The aging of America bespeaks many medical triumphs but poses a host of difficult problems. Although in many ways it is a spectacular blessing that U.S. life expectancy at birth has risen from 47 to 78 years since 1900, and research has projected that babies born in recent years will live past 100, the downsides of an aging nation have been frequently pointed out: millions of Americans requiring expensive later-life care; the enormous fiscal problems caused by rising Social Security and Medicare costs; the effects of a stagnant or declining working-age population on economic growth and living standards; and the burdens facing adult children and grandchildren caring for very elderly parents, grandparents and great-grandparents.
Add to this a disturbing new trend — rising debt among elderly Americans. Not too long ago, in general, the older we got, the more financially secure we were, thanks to Social Security, employer-provided pensions and a healthy savings rate buoyed by a strong economy.
Household debt for the typical American over 65 doubled between 2000 and 2011, according to the U.S. Census Bureau. Credit-card debt for those over 75 more than doubled since the great recession began, while the percentage of Americans over 75 with mortgage debt shot up from 10 percent in 1992 to 24 percent in 2010, according to the Employee Benefits Research Institute. Shockingly, even federal student debt for older Americans — presumably decades out of college — has increased six-fold since 2005, according to the Government Accountability Office.
This troubling picture looks even worse when data show that 44 percent of the 26 million households over 65 are in debt and 46 percent of America’s elderly die with almost no financial assets, according to a study by economists James Poterba of MIT, Steven Venti of Dartmouth College, and David A. Wise of Harvard University. Although Social Security and Medicare have been huge successes in reducing poverty and health insecurity among the elderly, these budget-busting programs are projected to grow from about $820 billion and $265 billion a year, respectively, to $1.315 trillion and $536 billion by 2022. Nearly half of older Americans rely almost entirely on Social Security, and virtually all benefit from Medicare, yet budget experts on both sides of the aisle agree that these federal entitlement programs either need to be cut or taxes to pay for them need to be sharply increased.
The senior debt crisis, which has grown rapidly in very recent years, is part and parcel of a larger debt and savings crisis that threatens at least 140 million Americans and the overall economic health of our nation. Forty-four percent of the population is either in debt or only has enough money saved to pay for up to three months of modest expenses, and 31 percent of adults say they have no savings or pensions to afford to retire.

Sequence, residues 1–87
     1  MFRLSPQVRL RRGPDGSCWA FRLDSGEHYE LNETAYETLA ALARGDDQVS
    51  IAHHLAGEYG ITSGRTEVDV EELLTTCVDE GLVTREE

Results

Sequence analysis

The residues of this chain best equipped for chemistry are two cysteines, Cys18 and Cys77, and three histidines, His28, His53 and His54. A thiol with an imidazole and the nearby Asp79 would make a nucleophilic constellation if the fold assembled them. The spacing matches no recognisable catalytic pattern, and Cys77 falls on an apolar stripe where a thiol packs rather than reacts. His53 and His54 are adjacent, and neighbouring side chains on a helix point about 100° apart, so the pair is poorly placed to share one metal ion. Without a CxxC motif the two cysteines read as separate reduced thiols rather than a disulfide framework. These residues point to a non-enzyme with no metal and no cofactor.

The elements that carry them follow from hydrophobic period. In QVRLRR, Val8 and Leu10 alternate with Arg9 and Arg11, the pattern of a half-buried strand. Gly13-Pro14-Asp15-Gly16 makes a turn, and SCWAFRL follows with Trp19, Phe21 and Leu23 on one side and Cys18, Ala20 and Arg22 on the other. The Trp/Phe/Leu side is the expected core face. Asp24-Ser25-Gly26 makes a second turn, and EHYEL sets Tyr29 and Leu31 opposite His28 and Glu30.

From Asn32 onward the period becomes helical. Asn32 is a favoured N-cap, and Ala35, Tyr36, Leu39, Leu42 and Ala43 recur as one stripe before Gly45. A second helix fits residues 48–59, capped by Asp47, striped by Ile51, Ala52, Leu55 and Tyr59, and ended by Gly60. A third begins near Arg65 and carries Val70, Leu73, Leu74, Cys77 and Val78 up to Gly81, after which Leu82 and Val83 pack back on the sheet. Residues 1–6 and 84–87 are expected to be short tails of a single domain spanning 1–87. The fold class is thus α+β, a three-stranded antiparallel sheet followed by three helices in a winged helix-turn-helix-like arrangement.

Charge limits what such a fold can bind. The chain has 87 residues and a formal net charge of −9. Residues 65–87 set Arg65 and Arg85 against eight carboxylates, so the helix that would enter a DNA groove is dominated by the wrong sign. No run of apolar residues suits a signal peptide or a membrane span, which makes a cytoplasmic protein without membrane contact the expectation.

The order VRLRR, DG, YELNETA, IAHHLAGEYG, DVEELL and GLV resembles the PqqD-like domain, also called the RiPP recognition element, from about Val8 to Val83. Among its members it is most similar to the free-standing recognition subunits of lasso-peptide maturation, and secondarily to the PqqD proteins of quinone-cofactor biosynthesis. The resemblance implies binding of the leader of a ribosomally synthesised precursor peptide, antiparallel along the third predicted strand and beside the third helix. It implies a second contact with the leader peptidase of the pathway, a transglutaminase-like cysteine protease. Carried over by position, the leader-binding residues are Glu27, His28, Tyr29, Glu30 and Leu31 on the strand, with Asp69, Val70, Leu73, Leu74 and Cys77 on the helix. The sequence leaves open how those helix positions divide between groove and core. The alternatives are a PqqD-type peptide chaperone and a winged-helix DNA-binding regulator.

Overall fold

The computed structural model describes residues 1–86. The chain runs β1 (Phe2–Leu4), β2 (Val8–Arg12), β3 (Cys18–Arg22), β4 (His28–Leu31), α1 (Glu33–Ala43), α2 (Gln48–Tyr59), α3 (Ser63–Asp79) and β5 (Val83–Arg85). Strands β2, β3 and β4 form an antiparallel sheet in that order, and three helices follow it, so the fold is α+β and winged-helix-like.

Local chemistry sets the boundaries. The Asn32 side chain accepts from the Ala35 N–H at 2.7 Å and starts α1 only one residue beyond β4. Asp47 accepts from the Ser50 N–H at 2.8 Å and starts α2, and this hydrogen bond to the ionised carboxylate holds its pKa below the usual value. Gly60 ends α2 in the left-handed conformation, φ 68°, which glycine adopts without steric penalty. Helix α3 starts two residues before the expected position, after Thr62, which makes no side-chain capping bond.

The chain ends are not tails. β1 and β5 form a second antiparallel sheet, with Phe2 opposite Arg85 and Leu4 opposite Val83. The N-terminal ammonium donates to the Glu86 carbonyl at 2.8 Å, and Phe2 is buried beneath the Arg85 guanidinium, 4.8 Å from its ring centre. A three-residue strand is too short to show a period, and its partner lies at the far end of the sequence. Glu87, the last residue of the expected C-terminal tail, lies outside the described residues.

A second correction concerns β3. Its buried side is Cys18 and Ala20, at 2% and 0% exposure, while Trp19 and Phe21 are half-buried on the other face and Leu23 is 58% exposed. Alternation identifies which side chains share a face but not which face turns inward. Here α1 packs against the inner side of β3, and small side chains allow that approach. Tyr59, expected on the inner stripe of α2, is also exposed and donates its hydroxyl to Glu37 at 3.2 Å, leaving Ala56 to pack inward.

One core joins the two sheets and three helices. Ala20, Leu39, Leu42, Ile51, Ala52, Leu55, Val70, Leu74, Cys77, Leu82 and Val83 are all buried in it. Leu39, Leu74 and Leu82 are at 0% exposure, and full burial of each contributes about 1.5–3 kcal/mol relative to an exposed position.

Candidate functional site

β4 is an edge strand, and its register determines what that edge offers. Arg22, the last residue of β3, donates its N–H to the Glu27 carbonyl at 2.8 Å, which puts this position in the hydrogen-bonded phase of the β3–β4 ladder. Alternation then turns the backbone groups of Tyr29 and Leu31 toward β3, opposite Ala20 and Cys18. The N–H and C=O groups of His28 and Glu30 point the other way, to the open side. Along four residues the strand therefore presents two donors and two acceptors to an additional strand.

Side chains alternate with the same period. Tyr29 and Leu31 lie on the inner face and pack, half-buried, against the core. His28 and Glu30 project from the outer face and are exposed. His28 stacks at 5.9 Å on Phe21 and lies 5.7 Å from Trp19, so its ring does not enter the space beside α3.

Although the causes are complex, two loom large: First is the growing divide between the wealthy, whose incomes have grown spectacularly in recent years, and most Americans, whose incomes have stagnated or declined in real terms since 2000. Too many people are paid too little to make ends meet, much less save. Second, despite weak calls for Americans to save, the calls to spend are much louder and more enticing. Raising wages and boosting incomes through policies such as the Earned Income Tax Credit are one answer, but for the tens of millions of indebted Americans who are nominally in the middle class, the answer is cultural and behavioral.
Saving and the broader notion of “thrift” were once bedrock American values. A changed economy — one that is much more unequal and one that is much more consumption-obsessed — has tossed such ideas under the bus. But, aside from making prosperity more broadly based — what John Kennedy called “a rising tide that lifts all boats”— there are things that we can do to encourage savings.
Financial literacy, already taught in many schools, can be more aggressively promoted. We could crack down on predatory payday lenders, who charge exorbitant interest but are the only access to loans for more than half of Americans who have subprime credit scores.
The idea of automatic IRAs would serve small-business employees, who would automatically save unless they chose to opt out and could benefit 80 million workers who don’t have workplace-based pension plans. Individual development accounts have been proposed to help build savings among low-income adults, and participants would receive up to a three-to-one match if they saved for an approved purpose such as a down payment on a house, paying college tuition or starting a business. The existing government Saver Credit, which provides a tax credit for moderate-income Americans’ contributions to an IRA or 401(k), could be expanded.
Another idea is to create children’s savings accounts, which would be seeded by an initial government investment for each baby born into low- and middle-income families, with additional amounts added later during childhood as long as families also contributed. A similar idea has been put forth in the bipartisan American Dream Accounts Act, introduced by Senators Chris Coons (D-Del.) and Marco Rubio (R-Fla.).
The debt crisis among the elderly is a ticking time bomb, but we have tools to defuse it. And it’s one of the rare issues that both Republicans and Democrats agree needs to be tackled.
Andrew L. Yarrow is a historian, a former New York Times reporter and an author. His new book is “Thrift: The History of an American Cultural Movement.”